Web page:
Hackers: How Some Things Never Change
I couldn't resist posting this. The other night I happened upon an old TV show from 1996, Net Café, which has been made publicly available at archive.org. It's the first episode of the US show, was shot on location in a San Francisco cybercafé and featured interviews with a series of weird people called computer hackers.
Interestingly, the show was made shortly after an infamous hacking of the CIA website and much of the dialogue uses that incident as springboard for discussions on the importance of developing network security protocols in tandem with hackers' strategies.
That's one of the most interesting things to come out of the programme, actually. The line which separates digital security professionals and anarchic hackers is/was curiously thin, and seems to shift from one side to the other with confusing frequency. To the show's presenters, this makes "cyberspace" all the more bewildering since allegiances and loyalties are apparently as fluid as water.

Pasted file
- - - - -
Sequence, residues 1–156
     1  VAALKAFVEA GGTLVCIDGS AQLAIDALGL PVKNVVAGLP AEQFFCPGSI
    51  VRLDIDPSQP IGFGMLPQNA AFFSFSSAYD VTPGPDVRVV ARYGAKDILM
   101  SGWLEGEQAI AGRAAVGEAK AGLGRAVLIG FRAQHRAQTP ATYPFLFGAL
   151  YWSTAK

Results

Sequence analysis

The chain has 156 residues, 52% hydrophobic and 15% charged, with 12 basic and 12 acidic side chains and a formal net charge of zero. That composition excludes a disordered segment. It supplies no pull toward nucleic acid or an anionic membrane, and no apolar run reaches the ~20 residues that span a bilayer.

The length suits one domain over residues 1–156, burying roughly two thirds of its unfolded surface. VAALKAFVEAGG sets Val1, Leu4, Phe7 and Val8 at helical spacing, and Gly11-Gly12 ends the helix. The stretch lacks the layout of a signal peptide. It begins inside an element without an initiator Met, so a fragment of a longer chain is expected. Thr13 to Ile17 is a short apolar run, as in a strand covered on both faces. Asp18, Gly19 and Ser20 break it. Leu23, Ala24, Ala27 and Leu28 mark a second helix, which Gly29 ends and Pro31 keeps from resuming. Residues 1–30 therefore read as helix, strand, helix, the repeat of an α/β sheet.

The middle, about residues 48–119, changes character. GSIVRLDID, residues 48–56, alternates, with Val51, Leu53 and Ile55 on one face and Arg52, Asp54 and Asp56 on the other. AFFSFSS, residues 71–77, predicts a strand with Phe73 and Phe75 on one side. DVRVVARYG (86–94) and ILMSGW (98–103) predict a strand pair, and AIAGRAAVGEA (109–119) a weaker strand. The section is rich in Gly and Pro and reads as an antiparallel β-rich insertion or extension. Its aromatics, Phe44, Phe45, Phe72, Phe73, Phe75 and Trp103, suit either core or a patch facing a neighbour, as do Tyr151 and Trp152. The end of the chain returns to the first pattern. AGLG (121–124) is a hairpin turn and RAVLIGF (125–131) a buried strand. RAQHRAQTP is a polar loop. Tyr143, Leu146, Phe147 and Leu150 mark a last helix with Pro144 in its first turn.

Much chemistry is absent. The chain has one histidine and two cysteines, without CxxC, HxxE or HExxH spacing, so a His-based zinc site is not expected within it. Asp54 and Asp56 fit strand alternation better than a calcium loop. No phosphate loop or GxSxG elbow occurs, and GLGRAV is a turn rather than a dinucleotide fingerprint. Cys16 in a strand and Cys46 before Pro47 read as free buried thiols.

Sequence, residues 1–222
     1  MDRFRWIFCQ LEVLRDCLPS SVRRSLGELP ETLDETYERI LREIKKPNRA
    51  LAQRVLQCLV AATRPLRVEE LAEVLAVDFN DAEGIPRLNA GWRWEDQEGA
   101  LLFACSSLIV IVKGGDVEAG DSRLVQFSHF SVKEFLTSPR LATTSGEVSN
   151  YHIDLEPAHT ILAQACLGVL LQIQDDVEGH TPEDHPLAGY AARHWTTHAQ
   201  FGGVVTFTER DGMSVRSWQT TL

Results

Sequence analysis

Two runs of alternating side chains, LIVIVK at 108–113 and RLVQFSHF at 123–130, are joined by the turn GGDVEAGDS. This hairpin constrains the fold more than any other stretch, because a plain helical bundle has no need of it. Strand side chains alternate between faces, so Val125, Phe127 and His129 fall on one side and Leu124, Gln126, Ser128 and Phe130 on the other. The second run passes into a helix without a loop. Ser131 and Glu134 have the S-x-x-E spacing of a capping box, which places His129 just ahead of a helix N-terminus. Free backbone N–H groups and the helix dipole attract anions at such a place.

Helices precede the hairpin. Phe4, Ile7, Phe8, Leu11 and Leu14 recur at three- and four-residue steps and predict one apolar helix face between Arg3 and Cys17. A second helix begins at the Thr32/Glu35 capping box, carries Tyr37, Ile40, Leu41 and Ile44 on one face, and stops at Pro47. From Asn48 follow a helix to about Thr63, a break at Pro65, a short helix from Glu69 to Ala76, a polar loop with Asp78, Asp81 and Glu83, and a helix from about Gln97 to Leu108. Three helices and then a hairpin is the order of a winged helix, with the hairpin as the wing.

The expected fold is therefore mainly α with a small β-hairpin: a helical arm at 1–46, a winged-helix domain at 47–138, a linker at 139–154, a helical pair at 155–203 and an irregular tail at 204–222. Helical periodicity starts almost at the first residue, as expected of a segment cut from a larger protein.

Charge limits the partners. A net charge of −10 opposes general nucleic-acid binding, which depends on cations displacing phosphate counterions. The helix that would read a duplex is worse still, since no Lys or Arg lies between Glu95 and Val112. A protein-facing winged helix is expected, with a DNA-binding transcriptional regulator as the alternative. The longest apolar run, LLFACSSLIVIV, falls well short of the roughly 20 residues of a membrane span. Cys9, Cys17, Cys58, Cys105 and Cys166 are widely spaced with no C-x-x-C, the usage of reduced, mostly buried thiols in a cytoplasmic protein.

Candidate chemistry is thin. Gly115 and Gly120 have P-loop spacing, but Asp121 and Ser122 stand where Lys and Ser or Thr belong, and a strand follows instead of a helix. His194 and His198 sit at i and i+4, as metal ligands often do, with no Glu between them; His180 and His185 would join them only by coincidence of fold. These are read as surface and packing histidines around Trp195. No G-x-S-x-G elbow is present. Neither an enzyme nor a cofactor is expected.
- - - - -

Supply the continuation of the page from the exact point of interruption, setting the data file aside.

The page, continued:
It's crucial to note the curious symbiosis of network defenders and network attackers - their existence is both mutually dependent and mutually reinforcing.
This happens to be a very topical video to return to because, even after sixteen years, public assumptions about and questions over computer hackers who go by odd aliases remain largely unchanged. Consider the following quotation:
"Is it really about a political agenda and freedom of information, or are these guys just having fun?"
That could easily be a statement about Anonymous in 2012 and, indeed, it reminded be of Cat Cadwalladr's recent Guardian feature on today's most notorious hacker group. In fact, the quotation is from the 1996 episode of Net Café but it chimes perfectly with Cadwalladr's contemporary perplexity at Anonymous. In her article of last week she concluded:
"I'm possibly more confused about Anonymous now than when I started researching this article. When I look at pastebin.com, which is where hackers put up the latest data dumps, the results of their latest hacking and defacement operations, the targets seem random, perverse."
Strange, isn't it, that after so long, we still barely understand the psychology of these online "hive minds" and anonymous cults, despite the fact that they help shape the culture of the web, embedded as they are in memes, website hacks and information leaks.
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